Doppler Ultrasound

A Doppler ultrasound is typically performed later in pregnancy to examine how your baby’s blood flows through its blood vessels. This type of ultrasound is used to assess your baby’s health and ensure proper blood circulation.

Fetal Echocardiogram

This ultrasound examines your baby’s heart size, shape, function, and structure. Your healthcare provider may recommend it if your baby is suspected of having a congenital heart condition or if you have a child with a heart condition history.

Additionally, your provider may suggest a closer look at the heart if you have certain health conditions.


The results of a third-trimester ultrasound can provide some insight

The third-trimester ultrasound helps your healthcare provider track the baby’s growth, assess the amount of amniotic fluid, check for any potential abnormalities or problems with the placenta, and confirm that your baby is in a head-down position, ready to be born.

Pregnancy First Ultrasound | The Process

6 weeks pregnant ultrasound

During a pregnancy ultrasound, the healthcare provider will apply a special gel to your abdomen and use a transducer, a wand-like probe, to take images of your baby.

The first step in obtaining an ultrasound is for the healthcare provider to explain what he or she is looking for and any necessary preparations before the ultrasound.

The actual exam itself usually takes between 10 and 45 minutes. During the ultrasound, you can expect to hear your baby’s heartbeat and watch your baby move around inside of you.

Depending on what the healthcare provider is looking for in the ultrasound, he or she may take measurements of various parts of the fetus. Afterward, you’ll be able to see a picture or video clip of your baby.

During Transvaginal Ultrasound

The transducer emits sound waves, which bounce back and create images on a video monitor, allowing you to see your baby. Bones appear white, fluid is black, and soft tissue organs display various shades of gray.

The sonographer records important information and captures images or videos for your healthcare provider to evaluate. You can observe the process on the screen if you wish. Your provider will discuss the findings with you.

During Transabdominal Ultrasound

A sonographer glides a handheld device, roughly the size of a bar of soap, over your stomach and transmits sound waves. A computer then translates the echoes into images displayed on a video monitor, revealing your baby in real-time.

White areas represent bone, black indicates fluid, and soft tissue organs appear as shades of gray. The sonographer records your baby’s measurements and captures still images or videos for your provider to interpret. You can observe the process on the screen if you choose.

Your provider will discuss the results with you, and you may request printed or digital copies of the images to take home.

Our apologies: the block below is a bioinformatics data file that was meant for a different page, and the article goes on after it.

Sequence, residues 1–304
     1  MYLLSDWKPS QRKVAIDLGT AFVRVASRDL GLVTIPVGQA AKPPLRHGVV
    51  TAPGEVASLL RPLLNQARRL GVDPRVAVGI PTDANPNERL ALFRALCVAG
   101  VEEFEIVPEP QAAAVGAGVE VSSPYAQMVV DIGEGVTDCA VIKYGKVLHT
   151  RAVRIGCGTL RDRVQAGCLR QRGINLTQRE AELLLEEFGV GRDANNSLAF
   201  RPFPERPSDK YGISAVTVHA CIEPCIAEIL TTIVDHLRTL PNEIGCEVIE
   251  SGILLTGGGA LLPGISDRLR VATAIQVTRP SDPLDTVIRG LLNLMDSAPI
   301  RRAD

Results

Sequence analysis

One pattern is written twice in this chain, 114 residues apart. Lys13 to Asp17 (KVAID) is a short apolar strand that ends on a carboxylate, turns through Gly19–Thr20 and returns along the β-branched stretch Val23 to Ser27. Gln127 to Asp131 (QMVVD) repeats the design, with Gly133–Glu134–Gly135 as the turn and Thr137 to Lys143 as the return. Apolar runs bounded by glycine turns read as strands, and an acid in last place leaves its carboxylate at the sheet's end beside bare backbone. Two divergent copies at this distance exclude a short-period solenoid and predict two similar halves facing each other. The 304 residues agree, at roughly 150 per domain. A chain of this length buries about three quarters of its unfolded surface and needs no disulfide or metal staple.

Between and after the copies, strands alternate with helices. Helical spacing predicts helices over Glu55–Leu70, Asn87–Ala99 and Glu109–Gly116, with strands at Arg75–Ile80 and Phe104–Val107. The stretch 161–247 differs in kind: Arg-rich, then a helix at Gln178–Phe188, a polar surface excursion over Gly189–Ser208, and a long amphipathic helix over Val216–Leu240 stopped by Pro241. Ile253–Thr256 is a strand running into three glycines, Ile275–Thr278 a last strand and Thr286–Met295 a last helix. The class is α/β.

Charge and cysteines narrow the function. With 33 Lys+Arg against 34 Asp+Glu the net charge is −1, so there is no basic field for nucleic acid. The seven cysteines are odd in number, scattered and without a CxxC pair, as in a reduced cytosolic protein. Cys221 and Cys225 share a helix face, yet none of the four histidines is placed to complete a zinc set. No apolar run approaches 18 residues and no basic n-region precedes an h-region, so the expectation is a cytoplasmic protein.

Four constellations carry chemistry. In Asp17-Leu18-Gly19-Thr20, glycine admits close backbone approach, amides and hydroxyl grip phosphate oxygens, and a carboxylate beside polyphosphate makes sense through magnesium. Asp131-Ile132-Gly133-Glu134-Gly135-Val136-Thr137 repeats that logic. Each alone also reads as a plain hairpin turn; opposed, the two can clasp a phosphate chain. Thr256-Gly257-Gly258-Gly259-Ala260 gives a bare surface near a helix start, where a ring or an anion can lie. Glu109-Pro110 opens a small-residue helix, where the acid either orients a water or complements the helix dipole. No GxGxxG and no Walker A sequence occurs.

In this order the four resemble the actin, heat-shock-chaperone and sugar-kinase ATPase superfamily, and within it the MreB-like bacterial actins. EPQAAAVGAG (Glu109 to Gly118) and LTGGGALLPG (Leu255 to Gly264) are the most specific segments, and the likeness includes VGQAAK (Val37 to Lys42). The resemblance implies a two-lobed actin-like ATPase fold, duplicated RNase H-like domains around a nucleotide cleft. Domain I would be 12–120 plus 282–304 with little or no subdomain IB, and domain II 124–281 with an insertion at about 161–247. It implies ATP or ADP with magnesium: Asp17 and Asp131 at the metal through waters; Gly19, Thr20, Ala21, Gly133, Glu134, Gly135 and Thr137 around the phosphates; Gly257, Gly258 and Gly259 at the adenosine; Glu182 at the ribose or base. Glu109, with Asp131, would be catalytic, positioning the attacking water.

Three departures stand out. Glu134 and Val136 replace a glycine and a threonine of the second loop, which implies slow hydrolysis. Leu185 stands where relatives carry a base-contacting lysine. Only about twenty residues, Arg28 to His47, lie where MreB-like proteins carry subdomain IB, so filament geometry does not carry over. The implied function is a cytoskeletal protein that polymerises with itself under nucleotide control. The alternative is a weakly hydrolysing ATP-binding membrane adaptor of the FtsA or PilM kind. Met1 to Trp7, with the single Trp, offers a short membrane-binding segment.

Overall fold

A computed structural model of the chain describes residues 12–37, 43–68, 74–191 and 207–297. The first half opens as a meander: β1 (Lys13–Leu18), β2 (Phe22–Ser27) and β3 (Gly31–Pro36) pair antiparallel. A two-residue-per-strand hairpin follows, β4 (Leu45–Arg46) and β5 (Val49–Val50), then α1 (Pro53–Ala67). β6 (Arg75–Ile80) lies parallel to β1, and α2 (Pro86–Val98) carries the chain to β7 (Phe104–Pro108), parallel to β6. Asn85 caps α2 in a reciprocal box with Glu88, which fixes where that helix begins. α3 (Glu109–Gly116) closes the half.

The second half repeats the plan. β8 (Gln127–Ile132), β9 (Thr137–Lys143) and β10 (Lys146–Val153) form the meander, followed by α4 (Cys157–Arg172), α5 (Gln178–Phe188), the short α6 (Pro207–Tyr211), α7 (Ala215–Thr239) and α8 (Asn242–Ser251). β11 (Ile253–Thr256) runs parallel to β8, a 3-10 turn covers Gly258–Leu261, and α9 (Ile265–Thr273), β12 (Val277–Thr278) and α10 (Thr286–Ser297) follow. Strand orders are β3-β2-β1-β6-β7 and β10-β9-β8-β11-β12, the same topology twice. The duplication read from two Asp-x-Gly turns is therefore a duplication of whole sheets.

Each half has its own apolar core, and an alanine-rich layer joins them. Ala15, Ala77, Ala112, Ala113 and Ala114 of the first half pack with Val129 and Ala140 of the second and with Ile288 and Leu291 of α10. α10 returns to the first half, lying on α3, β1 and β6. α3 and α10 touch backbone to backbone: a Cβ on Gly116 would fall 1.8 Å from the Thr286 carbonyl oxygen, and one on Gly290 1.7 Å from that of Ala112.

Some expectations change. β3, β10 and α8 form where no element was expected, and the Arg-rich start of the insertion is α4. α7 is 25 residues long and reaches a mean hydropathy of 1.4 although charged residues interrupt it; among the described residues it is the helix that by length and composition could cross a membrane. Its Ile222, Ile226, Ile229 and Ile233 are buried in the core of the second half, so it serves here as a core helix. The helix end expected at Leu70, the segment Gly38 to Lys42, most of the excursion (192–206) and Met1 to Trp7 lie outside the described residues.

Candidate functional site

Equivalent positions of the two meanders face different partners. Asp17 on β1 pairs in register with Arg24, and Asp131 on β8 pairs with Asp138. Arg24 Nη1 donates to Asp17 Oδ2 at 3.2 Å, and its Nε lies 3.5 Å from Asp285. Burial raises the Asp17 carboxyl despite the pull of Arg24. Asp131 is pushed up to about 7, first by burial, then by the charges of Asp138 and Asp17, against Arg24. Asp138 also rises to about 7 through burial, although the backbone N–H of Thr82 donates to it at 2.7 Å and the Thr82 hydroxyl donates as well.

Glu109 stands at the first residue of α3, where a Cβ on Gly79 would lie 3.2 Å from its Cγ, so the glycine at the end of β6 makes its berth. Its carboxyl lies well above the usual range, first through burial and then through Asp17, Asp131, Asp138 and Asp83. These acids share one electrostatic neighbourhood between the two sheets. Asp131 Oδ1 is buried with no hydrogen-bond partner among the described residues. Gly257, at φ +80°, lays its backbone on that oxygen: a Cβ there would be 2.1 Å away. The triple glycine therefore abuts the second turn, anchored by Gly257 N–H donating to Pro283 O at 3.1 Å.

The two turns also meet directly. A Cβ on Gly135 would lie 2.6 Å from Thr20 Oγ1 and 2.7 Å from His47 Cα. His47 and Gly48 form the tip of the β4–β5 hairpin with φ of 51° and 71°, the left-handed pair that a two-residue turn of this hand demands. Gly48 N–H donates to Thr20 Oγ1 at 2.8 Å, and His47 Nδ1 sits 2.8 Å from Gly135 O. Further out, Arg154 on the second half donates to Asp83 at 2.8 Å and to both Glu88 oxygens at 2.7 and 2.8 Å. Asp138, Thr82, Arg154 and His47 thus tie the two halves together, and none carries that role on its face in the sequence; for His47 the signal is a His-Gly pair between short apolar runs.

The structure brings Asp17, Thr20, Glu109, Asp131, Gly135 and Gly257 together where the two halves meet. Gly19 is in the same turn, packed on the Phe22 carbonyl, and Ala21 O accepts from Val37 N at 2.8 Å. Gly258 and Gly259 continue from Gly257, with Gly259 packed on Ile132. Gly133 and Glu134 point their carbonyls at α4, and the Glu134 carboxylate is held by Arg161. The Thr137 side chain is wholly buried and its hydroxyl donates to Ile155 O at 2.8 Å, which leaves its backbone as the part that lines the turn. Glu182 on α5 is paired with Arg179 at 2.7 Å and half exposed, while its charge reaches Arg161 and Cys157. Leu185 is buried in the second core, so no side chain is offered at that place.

6 weeks pregnant ultrasound

For complete guidance, please book an appointment at Choices Women’s Clinic. Our experienced healthcare providers will provide the best care possible during your pregnancy journey. Let us help you enjoy this miraculous experience!

At Choices Women’s Clinic, we aim to provide you with the best care possible as you go through this incredible experience of bringing a new life into the world.

Are Ultrasounds Safe | If Yes, How Many?

13 week ultrasound

Yes, ultrasound is considered safe and has been used since the 1960s. While no known adverse effects are associated with ultrasound, following your healthcare provider’s instructions closely is essential.

Depending on your pregnancy and health history, you may need only one or two ultrasounds during your pregnancy. Your healthcare provider will be able to let you know how many ultrasounds are necessary for your personal health and that of the baby.

While pregnancy ultrasounds are generally considered safe in medical environments, improper use can result in tissue heating or the production of bubbles. It is crucial to perform ultrasounds correctly to avoid these risks.

The long-term effects of heated tissues or cavitation from ultrasounds are uncertain, particularly when they are not medically necessary.

Consequently, the FDA recommends that individuals use ultrasound scans judiciously – only when medically required, based on a prescription, and administered by a properly-trained healthcare professional.

Overall, ultrasound is an invaluable tool in determining the health and development of your baby throughout pregnancy.

How Long Does An Ultrasound Take?

Ultrasound exams typically take between 10 and 45 minutes, depending on the reason for the exam. During an ultrasound scan, your healthcare provider will move a transducer wand over your abdomen or sometimes insert it into your vagina to capture images of your baby.

The sonographer will then evaluate these images and record important information for your provider to interpret. After the exam, your provider will discuss the results with you.

If you opt to receive printed or digital copies of images from your ultrasound, this will likely add 10-15 minutes to the total time.

Wrap Up

Ultrasound is a safe, non-invasive procedure to examine your baby’s development during pregnancy. The number of ultrasounds you receive depends on your health history and that of your baby; most people require one or two scans throughout their pregnancy.

It is better to have the first ultrasound in the first trimester for better accuracy and be aware of the baby’s development. However, having an ultrasound scan in the second trimester is normal. If you require ultrasound scan services, Choices Women’s Clinic is here to provide the best care.

With state-of-the-art ultrasound technology and experienced, highly qualified medical practitioners, Choices Women’s Clinic is here to help you every step of the way. Contact us today for more information on ultrasound scans!

Frequently Asked Questions

Is 7 weeks too early for an ultrasound?

They look at your baby’s measurements, which are very predictable in the first 8-11 weeks. An ultrasound up to 12 weeks should be able to predict your gestation accurately within 3-5 days. 7 weeks is definitely not too early to see your baby, but the image might differ from what you imagined.

How do I prepare for my first ultrasound?

No special preparation is needed for an ultrasound. However, some pregnancy care providers may require you to have a full bladder and avoid using the restroom before the test. This is to ensure a better view of your baby on the ultrasound.